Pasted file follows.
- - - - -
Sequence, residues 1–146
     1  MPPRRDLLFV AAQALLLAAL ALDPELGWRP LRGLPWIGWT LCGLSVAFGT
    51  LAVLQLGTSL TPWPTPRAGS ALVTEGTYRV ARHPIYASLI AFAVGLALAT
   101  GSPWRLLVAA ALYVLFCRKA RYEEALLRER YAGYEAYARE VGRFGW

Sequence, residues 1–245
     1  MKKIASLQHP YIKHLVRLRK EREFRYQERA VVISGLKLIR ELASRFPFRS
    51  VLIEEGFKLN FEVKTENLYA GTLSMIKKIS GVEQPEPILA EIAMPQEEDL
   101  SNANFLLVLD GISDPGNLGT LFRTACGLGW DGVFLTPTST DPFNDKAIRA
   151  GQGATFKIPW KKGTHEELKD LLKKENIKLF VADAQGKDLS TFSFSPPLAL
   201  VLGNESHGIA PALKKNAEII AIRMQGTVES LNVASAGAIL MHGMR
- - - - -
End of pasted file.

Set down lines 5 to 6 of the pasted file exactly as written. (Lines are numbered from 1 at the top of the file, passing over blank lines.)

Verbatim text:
Sequence, residues 1–245
     1  MKKIASLQHP YIKHLVRLRK EREFRYQERA VVISGLKLIR ELASRFPFRS